Re: CG: Principles of ontology

Michael Uschold (
Fri, 5 Dec 1997 16:42:58 -0800

Antony Sarris says:

What if we call the relation "Brotherhood", and each of the mappings
between or among the tuples of the relation [from the tuple Tim to the
tuple John and vice versa] constitutes a role that one entity in the
relation plays with respect to one or more other entities in that relation.
John plays the brother role/is a brother of Tim and Tim plays the brother
role/is a brother of John. But there's still this type called "Brotherhood"
that is a relation. It exists eternally in the land where types live.
There's also the particular instance of the brotherhood relation that
exists between Tim and John. It came into existence at the moment [given
one of the two males, John or Tim, already existed and] the second of the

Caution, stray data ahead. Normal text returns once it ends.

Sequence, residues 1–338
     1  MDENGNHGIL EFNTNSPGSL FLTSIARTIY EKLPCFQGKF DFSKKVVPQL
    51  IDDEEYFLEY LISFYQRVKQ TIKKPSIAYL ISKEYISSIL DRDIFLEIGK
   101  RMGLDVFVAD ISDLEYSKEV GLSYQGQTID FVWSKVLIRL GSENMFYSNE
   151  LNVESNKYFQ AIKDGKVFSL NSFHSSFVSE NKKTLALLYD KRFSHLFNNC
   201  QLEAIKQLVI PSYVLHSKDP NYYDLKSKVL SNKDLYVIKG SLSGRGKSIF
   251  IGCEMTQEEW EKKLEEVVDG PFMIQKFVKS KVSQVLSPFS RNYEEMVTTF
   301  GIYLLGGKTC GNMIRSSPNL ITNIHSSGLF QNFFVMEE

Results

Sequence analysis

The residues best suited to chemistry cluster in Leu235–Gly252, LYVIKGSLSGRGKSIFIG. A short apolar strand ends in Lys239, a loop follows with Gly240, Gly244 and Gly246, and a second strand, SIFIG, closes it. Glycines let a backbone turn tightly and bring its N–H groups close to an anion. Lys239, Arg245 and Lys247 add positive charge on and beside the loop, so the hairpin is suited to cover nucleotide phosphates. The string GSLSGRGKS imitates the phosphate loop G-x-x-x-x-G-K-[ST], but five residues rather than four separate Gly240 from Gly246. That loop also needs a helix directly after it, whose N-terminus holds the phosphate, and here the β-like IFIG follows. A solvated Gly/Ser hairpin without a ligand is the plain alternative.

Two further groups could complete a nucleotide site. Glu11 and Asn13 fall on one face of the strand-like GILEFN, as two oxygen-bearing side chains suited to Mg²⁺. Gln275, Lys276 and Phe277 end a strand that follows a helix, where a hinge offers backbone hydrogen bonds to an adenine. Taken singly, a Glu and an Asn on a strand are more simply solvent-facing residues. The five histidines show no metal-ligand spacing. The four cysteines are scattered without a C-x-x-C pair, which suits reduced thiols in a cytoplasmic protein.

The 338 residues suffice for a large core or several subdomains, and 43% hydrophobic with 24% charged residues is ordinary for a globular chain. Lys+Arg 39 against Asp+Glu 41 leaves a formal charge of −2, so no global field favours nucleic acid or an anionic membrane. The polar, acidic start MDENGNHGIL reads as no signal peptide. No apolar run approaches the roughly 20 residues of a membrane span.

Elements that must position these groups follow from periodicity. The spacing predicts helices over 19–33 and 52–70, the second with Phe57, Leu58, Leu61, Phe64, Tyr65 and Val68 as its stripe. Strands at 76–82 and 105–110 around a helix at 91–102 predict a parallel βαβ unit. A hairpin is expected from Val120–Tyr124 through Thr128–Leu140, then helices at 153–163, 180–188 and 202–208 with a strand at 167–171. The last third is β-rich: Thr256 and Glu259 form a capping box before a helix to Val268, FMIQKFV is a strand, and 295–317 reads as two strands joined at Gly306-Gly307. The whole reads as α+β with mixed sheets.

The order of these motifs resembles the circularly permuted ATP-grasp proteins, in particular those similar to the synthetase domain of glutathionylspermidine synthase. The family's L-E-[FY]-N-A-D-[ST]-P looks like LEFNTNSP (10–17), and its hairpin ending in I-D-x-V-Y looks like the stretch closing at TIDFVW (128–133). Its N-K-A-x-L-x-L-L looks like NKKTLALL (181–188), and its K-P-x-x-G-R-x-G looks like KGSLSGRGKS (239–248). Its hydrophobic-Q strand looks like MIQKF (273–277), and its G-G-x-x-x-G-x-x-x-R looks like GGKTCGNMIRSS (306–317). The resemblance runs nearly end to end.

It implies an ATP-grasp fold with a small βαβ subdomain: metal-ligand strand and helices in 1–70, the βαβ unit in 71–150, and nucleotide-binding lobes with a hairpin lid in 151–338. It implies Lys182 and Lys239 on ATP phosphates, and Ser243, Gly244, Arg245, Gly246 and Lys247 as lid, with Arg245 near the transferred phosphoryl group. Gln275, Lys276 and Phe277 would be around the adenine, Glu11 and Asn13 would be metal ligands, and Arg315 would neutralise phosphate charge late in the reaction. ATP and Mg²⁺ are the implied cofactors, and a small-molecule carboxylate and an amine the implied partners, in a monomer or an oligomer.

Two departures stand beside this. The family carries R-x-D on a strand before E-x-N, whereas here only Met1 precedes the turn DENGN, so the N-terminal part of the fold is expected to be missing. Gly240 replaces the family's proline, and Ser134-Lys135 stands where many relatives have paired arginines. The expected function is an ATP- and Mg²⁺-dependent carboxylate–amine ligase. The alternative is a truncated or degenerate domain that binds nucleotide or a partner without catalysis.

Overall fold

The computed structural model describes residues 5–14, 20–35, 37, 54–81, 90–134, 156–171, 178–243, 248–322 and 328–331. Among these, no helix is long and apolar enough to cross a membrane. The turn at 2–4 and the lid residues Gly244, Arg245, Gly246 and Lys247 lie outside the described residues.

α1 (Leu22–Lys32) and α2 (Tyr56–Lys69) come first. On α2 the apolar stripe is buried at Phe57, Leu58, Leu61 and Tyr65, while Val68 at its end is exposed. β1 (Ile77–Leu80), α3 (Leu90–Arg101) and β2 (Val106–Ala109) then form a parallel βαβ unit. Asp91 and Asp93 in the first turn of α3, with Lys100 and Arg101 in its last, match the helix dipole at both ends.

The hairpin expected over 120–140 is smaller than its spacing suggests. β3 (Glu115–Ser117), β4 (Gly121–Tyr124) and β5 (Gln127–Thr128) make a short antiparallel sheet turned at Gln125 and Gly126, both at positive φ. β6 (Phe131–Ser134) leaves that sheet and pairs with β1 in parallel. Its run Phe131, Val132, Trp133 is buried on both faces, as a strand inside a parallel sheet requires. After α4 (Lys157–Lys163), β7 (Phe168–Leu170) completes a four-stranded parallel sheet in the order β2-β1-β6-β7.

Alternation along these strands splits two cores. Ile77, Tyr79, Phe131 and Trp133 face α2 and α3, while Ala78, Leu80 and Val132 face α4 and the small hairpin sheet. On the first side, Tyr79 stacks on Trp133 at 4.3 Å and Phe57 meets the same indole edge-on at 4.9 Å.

two was born (assuming other criteria such as the same genetic parents or
an equivalent legal surrogate of that condition, such as represented by an
adoption). Technically speaking, when one or the other of Tim or John
dies, that instance of the brotherhood relation won't exist anymore, except
in a historical or hypothetical context.


I think this is beside the point. The point of the linguistic test is not to prove that there is no sensible way to view an instance/tuple of a relatoin as an instance of a type. Rather , the point, it seems to me, is that the linguistic test genuinely distinguishes relation tuples (for which the answer to the isa question is NO, from instances of non-relation (i.e ordinary) types.

ALthouhg you may think you are arguing, it is not clear to me that you disagree on anything substantial.

Mike Uschold